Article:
In 2010, WIRED magazine’s Chris Anderson and Michael Wolfe declared in an article: The web is dead. Long live the Internet.

Now their words are finally coming to pass. CNN reported this year that mobile Internet usage has finally taken over PC and browser usage in the United States. This means that more people are accessing the Internet through their phones and tablets rather than using their laptops and desktops. Total Internet usage on mobile devices has beaten browsers before, but this was the first time that apps had overtaken the browsers.

So what does this mean for websites? Basically, more people are accessing the web on their phones and tablets, those little screens that can’t compare with a monitor. Therefore, websites need to be equipped to shrink and grow depending on where the user is.

Thus far, designers have taken two different approaches to this problem. Some are implementing responsive web design, which uses the same site across all devices. Other designers are opting for two sites: one for a browser and the other for a mobile site.

So which one should you choose for your company? We highly recommend you choose responsive web design, and we’ve got the proof to back it up. Check it out below:

Social Garden website displays almost the same experience for all browsers
Social Garden website displays the same experience for all browsers

Our Lord Google Decrees It So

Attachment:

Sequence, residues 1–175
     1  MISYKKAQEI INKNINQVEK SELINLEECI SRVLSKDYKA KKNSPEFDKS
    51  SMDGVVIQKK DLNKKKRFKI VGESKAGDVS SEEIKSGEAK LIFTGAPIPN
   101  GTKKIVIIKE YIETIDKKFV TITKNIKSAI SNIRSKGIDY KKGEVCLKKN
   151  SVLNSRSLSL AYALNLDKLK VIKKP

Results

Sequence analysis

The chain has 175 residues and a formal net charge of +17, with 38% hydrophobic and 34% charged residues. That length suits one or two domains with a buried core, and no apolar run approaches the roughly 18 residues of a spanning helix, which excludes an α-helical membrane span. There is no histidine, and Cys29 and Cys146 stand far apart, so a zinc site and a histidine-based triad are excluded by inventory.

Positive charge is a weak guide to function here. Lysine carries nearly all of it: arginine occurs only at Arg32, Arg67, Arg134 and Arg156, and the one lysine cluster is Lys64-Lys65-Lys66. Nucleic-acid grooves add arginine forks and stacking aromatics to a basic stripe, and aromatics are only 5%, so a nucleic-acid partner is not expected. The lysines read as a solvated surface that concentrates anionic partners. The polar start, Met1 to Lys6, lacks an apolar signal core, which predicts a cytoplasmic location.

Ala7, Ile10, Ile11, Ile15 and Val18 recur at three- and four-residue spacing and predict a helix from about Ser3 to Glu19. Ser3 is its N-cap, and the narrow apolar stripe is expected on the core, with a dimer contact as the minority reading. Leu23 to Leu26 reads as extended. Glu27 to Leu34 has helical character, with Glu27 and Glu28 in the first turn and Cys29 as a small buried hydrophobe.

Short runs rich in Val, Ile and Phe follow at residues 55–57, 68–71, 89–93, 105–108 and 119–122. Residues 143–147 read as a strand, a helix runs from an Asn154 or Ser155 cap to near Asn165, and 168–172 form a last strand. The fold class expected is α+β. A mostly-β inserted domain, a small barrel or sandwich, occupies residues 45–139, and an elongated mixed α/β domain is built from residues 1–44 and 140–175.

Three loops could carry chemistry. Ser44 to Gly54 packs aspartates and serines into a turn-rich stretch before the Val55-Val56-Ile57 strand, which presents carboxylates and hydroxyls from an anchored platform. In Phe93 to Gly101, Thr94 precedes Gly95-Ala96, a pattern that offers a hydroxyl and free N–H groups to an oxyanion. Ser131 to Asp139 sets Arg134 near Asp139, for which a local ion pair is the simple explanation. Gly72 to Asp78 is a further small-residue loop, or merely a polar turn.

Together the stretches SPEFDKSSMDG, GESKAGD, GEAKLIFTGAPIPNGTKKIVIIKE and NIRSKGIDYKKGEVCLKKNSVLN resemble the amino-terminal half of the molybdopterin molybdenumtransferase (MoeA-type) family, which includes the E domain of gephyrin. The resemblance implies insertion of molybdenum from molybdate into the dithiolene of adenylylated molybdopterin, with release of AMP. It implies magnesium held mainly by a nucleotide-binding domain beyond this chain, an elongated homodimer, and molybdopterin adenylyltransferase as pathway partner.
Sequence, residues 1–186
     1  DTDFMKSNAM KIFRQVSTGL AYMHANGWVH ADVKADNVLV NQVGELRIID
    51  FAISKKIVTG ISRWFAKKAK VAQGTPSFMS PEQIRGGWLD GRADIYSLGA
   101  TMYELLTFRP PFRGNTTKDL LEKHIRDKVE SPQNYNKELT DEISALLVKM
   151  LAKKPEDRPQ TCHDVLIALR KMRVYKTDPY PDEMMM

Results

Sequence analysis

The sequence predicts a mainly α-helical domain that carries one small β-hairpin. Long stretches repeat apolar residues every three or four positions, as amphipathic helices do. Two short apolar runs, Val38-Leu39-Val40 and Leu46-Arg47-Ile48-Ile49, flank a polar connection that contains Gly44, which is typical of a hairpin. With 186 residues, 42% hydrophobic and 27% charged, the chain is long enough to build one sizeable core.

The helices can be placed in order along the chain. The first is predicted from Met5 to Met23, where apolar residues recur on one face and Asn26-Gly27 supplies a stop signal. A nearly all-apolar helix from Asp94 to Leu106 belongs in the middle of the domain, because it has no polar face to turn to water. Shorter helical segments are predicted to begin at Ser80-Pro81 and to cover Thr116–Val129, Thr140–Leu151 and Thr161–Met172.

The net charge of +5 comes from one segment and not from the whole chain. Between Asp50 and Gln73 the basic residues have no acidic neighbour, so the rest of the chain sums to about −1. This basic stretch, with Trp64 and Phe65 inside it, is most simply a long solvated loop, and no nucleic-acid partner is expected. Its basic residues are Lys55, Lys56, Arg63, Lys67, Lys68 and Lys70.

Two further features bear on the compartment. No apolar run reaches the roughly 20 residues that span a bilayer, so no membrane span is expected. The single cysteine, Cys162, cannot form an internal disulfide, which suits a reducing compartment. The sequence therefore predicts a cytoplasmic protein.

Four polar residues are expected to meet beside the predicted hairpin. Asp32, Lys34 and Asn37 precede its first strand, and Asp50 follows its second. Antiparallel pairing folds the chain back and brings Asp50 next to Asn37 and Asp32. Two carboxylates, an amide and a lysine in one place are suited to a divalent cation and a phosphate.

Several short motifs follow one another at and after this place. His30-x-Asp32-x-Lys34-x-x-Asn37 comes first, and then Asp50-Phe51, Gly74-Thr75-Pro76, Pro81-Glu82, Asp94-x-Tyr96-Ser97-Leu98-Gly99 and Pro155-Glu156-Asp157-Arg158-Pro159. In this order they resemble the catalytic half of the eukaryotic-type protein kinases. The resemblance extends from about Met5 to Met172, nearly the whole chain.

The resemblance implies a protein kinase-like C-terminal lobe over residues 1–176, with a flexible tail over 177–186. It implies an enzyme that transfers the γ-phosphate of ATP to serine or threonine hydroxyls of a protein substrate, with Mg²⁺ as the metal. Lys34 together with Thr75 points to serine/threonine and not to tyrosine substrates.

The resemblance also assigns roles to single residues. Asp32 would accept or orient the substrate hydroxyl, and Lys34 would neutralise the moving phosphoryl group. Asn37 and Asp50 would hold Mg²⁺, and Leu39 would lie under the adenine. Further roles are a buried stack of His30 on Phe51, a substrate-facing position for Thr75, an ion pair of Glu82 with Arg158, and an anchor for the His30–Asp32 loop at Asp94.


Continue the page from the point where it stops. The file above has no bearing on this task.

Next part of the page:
Google has plenty of influence when it comes to search marketing strategies. The company has a 67 percent search market share, more than half of all search engine traffic across the web. When our lord Google speaks, everyone listens and obeys.

Google has advocated for responsive web design and recommends it for mobile configuration with its application (app). The company further states that responsive web design is in fact the industry best practice.

So why does Google advocate so insistently for responsive web design? It’s because these types of sites have only one URL and the same HTML, neither of which change regardless of the device being used. This makes Google’s job much easier as it crawls, indexes and organises information and content. If sites have different URLs and HTML coding for browsers and apps, Google has to crawl and index these as separate versions, though they’re all still the same site.

Multiple sites also bring down your SEO. Imagine a user shares a link to your site on the Facebook app. A browser user then clicks the link. The link will be the app site, not the fully-flushed out browser site, which might be vastly different from the browser site. Users might strongly prefer one over the other. As Google now takes user experience into account when ranking sites, this could seriously hurt your SEO. is consistent across different-sized screens is consistent across different-sized screens

One for All and All for One

Having the same design across all types of computers, phones and tablets means your users will be able to rely on consistent, high-quality access no matter what type of device they’re using.